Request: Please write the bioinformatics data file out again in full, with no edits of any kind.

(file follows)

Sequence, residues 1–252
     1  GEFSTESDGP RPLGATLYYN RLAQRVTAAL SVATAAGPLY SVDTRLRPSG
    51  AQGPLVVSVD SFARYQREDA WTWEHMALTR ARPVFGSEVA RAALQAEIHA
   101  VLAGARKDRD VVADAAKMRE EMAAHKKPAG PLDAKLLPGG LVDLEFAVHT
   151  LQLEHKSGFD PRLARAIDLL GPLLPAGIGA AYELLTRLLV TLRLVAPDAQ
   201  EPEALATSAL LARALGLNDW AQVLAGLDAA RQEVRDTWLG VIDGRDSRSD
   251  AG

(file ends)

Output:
Sequence, residues 1–252
     1  GEFSTESDGP RPLGATLYYN RLAQRVTAAL SVATAAGPLY SVDTRLRPSG
    51  AQGPLVVSVD SFARYQREDA WTWEHMALTR ARPVFGSEVA RAALQAEIHA
   101  VLAGARKDRD VVADAAKMRE EMAAHKKPAG PLDAKLLPGG LVDLEFAVHT
   151  LQLEHKSGFD PRLARAIDLL GPLLPAGIGA AYELLTRLLV TLRLVAPDAQ
   201  EPEALATSAL LARALGLNDW AQVLAGLDAA RQEVRDTWLG VIDGRDSRSD
   251  AG